We aim at improving understanding and prediction of geographical systems by innovating methods and tools. Our research is at the intersection of three domains (see below).
Methods & Software Development
We design methods and implement software for simulation of large, heterogeneous geographical systems:
Representation of fields and agents in simulation models to enable heterogeneous system modelling
Simulation on supercomputers to run models with big data
Model data integration techniques to constrains models to observations
LUE Environmental Modelling Software enables storage of heterogeneous spatio-temporal data, that is both continuous fields and discrete, mobile, agents. We are currently working on the development software that will enable reading and writing data to the data model and for manipulation of the data stored.
PCRaster, spatial simulation model building framework
GREAT, The Green Deal Data Space Foundation and its Community of Practice, EU project, 2022-2024.
de Jong, K., & Panja, D., van Kreveld, M., Karssenberg, D. (2021). An environmental modelling framework based on asynchronous many-tasks: Scalability and usability. Environmental Modelling & Software.
de Bakker, M. P., de Jong, K., Schmitz, O., & Karssenberg, D. (2017). Design and demonstration of a data model to integrate agent-based and field-based modelling. Environmental Modelling & Software, 89, 172-189.
Karssenberg, D., Schmitz, O., Salamon, P., de Jong, K., & Bierkens, M. F. P. (2010). A software framework for construction of process-based stochastic spatio-temporal models and data assimilation. Environmental Modelling & Software, 25(4), 489-502.
Complexity Science and Data Science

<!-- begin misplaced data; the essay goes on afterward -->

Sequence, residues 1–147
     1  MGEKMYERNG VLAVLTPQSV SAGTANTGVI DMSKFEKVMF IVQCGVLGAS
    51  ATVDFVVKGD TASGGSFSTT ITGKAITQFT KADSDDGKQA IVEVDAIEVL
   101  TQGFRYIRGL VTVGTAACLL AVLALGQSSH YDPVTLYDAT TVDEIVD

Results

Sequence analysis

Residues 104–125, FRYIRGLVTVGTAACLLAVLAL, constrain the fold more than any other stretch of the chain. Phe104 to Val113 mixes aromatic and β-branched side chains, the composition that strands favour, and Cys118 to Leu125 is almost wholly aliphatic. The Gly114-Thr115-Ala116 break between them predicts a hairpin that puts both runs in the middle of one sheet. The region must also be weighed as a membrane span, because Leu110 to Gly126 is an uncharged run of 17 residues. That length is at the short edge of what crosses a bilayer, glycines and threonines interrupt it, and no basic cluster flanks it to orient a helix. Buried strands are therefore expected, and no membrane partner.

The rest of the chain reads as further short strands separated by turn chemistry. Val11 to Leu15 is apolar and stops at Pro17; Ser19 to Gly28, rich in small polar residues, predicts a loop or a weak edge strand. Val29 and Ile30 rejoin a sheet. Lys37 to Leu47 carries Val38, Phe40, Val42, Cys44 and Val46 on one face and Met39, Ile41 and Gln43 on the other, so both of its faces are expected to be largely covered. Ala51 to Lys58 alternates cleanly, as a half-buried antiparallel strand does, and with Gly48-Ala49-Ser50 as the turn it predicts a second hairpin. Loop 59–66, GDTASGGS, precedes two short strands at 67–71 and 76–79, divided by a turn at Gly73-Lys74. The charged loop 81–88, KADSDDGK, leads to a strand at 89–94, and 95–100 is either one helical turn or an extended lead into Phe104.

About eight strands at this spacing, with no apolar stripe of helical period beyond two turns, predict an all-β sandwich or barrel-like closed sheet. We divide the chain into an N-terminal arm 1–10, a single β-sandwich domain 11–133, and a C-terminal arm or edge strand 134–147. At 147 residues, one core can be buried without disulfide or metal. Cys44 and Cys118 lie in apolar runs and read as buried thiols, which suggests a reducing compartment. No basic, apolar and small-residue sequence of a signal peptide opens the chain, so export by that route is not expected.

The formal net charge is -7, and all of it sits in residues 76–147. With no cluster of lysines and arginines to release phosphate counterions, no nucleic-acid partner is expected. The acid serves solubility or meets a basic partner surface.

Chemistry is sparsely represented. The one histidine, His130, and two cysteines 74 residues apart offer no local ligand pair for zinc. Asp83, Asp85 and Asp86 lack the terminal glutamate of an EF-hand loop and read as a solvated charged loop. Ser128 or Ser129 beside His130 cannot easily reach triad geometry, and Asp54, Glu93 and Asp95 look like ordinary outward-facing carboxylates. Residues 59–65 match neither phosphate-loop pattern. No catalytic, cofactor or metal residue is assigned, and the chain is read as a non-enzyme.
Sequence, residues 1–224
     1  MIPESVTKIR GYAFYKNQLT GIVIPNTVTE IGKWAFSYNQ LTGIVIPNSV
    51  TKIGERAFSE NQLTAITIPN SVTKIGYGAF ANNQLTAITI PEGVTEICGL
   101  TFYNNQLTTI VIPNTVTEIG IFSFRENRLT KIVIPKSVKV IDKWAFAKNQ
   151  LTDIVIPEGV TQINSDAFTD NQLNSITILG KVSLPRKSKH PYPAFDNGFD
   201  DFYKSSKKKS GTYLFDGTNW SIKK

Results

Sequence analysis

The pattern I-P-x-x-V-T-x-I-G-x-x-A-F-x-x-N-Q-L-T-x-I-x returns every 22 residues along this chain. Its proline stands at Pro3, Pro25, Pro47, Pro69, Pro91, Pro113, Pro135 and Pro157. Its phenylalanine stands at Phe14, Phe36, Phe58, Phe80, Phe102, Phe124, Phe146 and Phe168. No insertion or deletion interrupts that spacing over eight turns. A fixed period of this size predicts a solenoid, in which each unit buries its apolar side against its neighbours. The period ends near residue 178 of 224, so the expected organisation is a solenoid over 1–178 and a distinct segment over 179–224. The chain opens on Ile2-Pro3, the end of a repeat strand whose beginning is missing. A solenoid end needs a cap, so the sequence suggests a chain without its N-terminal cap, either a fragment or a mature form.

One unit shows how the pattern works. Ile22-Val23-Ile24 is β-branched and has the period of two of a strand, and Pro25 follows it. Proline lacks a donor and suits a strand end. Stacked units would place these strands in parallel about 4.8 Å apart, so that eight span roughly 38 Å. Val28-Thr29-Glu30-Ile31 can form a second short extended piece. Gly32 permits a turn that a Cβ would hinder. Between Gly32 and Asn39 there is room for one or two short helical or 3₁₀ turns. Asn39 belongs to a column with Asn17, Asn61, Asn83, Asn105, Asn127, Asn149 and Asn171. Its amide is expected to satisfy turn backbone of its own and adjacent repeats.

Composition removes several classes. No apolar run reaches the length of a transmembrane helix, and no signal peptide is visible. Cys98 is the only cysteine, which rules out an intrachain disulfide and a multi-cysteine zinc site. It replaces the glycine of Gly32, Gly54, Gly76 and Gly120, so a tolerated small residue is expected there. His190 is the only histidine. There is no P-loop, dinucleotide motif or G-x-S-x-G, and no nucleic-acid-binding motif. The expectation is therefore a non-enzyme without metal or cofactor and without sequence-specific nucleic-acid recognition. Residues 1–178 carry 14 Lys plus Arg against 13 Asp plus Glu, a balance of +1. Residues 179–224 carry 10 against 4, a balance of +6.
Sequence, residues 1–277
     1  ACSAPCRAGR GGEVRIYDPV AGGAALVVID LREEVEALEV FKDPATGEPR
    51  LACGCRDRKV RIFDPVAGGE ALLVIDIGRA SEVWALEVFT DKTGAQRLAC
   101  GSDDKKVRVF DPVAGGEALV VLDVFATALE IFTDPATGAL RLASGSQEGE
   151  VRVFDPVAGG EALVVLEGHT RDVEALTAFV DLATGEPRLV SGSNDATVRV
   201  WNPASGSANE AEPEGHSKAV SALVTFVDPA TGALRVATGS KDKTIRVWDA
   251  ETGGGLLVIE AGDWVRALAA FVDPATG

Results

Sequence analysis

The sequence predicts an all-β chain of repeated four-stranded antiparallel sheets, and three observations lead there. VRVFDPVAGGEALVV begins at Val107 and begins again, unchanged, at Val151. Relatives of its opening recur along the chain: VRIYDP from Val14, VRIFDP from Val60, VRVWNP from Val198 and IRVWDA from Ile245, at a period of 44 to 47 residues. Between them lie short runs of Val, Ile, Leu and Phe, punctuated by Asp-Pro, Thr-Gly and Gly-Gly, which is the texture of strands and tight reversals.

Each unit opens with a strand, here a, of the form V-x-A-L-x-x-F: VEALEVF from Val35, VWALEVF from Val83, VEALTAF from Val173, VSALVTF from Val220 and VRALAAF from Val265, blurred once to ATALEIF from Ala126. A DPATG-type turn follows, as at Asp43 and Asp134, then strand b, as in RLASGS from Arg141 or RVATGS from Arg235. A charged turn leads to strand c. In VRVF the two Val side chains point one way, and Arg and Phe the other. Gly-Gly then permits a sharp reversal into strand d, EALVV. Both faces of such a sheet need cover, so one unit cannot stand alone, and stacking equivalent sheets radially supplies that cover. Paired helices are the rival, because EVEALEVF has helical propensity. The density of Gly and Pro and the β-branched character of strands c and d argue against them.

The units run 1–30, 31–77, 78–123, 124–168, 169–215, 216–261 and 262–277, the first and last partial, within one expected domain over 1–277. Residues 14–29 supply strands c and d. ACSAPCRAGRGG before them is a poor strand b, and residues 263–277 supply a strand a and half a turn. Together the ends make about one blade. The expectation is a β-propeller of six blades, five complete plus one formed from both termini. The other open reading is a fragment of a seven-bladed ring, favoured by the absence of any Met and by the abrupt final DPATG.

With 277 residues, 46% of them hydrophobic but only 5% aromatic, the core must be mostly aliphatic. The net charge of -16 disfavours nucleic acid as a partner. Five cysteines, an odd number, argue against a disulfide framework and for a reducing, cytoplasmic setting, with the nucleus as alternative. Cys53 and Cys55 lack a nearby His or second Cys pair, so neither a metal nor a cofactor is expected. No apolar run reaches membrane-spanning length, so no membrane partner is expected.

Due to their intermediate number of interacting system components, most geographical systems show distinct mechanisms, such as self-organisation and critical shifts, that categorizes them as complex systems. It is essential to understand these mechanisms because they are central to system behaviour and thus essential to prediction, including the analysis and reduction of uncertainty in prediction. Our team explores complex geographical systems by simulation modelling and through statistical and machine learning techniques on large geographical data sets.
Data driven discovery of time transfer functions for hybrid simulation modelling. Postdoc project.
Shen, Y., J. Ruijsch, M. Lu, E. H. Sutanudjaja, and D. Karssenberg (2022). Random forests-based error-correction of streamflow from a large-scale hydrological model: Using model state variables to estimate error terms. Computers & Geosciences 159, p. 105019.
Verstegen, J. A., Karssenberg, D., van der Hilst, F., & Faaij, A. P. C. (2016). Detecting systemic change in a land use system by Bayesian data assimilation Environmental Modelling & Software, 75, 424–438.
Vannametee, E., Babel, L. V, Hendriks, M. R., Schuur, J., de Jong, S. M., Bierkens, M. F. P., & Karssenberg, D. (2014). Semi-automated mapping of landforms using multiple point geostatistics. Geomorphology, 221, 298–319.
We use complexity science and data science methods and tools to advance our understanding of geographical systems, with a particular focus on human-environment interactions and global scale assessment.